Working Military Dogs

militaryworkingdog

NPR recently ran a piece on bomb sniffing dogs being used in Afghanistan to locate IEDs (Improvised Explosive Devices) and I thought it would be good to take a look at military working dogs in honor of July 4th.  Though I have mixed feelings about dogs being put in harm’s way for a human war, it’s a fact that they are.  They’re doing a valuable job and have saved countless human lives.  Not to mention helping with morale.

Here’s the NPR piece on Lode, a black Lab, and his handler, Lance Cpl. Robert Leddy. It’s Lode’s first deployment in Afghanistan.

The first handler & dog team, Cpl. Kory D. Wiens & Cooper, killed since the wars in Afghanistan and Iraq were buried together.

A new $15 million veterinary hospital was opened to care for working military dogs.  The original facilities were built in 1968 to treat dogs used in Vietnam.

The Military Working Dogs not only find bombs, insurgents, weapons caches, and help with policing, they now help with healing the wounded.  The Air Force has started a program to have dogs visit the wounded in the AFTH (Air Force Theater Hospital) in Balad, Iraq.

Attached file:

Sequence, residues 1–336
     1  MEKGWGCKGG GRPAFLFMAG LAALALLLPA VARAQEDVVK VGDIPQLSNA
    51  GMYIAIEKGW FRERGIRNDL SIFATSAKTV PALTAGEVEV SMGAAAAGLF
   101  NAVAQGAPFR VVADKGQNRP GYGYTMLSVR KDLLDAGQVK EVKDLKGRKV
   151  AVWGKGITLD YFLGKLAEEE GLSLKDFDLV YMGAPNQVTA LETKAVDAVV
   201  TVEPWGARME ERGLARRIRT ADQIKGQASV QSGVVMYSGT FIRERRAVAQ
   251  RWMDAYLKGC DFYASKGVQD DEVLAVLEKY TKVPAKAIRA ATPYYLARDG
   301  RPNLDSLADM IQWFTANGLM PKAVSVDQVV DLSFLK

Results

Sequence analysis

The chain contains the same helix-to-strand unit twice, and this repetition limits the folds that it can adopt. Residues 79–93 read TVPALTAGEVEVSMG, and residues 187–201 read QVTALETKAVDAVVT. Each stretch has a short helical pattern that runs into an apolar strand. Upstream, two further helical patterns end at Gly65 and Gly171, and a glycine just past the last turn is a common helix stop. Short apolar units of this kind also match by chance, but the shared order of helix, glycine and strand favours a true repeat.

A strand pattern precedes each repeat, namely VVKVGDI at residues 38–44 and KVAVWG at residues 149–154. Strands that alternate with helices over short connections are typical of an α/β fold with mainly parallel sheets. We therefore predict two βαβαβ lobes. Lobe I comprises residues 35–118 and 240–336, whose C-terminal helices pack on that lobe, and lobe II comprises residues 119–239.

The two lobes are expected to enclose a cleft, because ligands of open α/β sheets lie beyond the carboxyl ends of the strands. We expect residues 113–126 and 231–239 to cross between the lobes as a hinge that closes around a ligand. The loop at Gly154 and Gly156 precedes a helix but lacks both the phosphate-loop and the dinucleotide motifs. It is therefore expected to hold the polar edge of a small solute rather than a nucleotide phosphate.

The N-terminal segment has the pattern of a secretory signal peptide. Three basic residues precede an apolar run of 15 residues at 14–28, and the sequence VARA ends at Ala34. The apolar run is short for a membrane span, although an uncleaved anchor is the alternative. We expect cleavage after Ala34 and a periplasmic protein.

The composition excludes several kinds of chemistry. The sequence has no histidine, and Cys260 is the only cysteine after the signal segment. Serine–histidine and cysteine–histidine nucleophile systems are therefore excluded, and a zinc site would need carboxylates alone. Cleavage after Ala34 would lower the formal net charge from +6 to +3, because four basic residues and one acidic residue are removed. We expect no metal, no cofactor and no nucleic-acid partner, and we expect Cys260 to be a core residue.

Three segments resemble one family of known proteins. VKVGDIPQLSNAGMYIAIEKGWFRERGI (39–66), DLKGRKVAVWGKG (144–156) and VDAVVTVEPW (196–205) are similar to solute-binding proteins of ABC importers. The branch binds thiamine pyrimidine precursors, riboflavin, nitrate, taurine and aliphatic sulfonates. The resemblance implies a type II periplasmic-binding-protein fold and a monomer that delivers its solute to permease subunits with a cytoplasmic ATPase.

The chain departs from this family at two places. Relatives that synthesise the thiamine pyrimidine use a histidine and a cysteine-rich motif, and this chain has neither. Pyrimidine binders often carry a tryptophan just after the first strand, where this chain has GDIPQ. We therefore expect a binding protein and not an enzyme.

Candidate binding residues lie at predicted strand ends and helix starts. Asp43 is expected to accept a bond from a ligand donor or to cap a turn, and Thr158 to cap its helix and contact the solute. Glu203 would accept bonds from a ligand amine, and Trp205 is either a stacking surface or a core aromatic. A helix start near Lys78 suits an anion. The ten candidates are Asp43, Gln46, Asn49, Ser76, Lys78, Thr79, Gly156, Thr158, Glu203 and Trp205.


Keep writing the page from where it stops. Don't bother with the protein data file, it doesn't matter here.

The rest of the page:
K9Pride is a blog on Working Military Dogs.

USWarDogs is sending care packages for military dogs and their handlers. Give2theTroops is also sending care packages for dogs and their handlers.  Here’s a list of what they need:

  • Cooling Vests
  • Cooling Mats
  • Cooling Collars
  • Boots
  • Doggles
  • Collapsible bowls
  • Kong toys
  • Latex toys (**no vinyl or anything made in China)
  • Large rope chews
  • Unscented K9 Shampoo & Conditioner
  • Grooming Tools—especially Furminators
  • Dog beds
  • Canine Toothpaste and brushes
  • Canine Eyedrops
  • Canine Ear wash
  • Flea & Tick treatment (Advantix, Frontline, etc.)
  • Dog biscuits
  • Treats–jerky, rawhide, etc. (**nothing made in China)

The Department of Defense has a page on military dogs where you can read more about their work.

You can now adopt a retired Working Military Dog.

The Lee family was allowed to adopt their son’s military working dog after their son, Dustin, was killed in action. Lex, the dog, had stayed with Dustin after both of them were wounded.

You can sign the petition for having a commemorative stamp made for Military Working Dogs.

You can also make donations for the War Dog Memorial.

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